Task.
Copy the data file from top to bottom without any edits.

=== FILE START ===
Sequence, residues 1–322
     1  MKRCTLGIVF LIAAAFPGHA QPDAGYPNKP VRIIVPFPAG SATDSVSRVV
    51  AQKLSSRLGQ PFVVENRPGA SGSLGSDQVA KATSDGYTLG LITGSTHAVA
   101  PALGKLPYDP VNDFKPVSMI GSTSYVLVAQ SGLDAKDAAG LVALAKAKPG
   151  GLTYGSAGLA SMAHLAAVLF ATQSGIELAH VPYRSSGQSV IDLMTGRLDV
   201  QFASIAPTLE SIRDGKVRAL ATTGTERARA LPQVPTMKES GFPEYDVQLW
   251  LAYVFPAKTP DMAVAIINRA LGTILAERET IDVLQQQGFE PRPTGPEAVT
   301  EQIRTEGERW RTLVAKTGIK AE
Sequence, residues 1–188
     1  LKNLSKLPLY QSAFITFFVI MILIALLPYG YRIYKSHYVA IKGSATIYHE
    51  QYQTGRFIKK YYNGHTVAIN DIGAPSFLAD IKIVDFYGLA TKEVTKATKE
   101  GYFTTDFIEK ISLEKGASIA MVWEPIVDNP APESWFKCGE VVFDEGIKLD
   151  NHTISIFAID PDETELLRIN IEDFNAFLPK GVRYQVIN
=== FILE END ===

Sequence, residues 1–322
     1  MKRCTLGIVF LIAAAFPGHA QPDAGYPNKP VRIIVPFPAG SATDSVSRVV
    51  AQKLSSRLGQ PFVVENRPGA SGSLGSDQVA KATSDGYTLG LITGSTHAVA
   101  PALGKLPYDP VNDFKPVSMI GSTSYVLVAQ SGLDAKDAAG LVALAKAKPG
   151  GLTYGSAGLA SMAHLAAVLF ATQSGIELAH VPYRSSGQSV IDLMTGRLDV
   201  QFASIAPTLE SIRDGKVRAL ATTGTERARA LPQVPTMKES GFPEYDVQLW
   251  LAYVFPAKTP DMAVAIINRA LGTILAERET IDVLQQQGFE PRPTGPEAVT
   301  EQIRTEGERW RTLVAKTGIK AE
Sequence, residues 1–188
     1  LKNLSKLPLY QSAFITFFVI MILIALLPYG YRIYKSHYVA IKGSATIYHE
    51  QYQTGRFIKK YYNGHTVAIN DIGAPSFLAD IKIVDFYGLA TKEVTKATKE
   101  GYFTTDFIEK ISLEKGASIA MVWEPIVDNP APESWFKCGE VVFDEGIKLD
   151  NHTISIFAID PDETELLRIN IEDFNAFLPK GVRYQVIN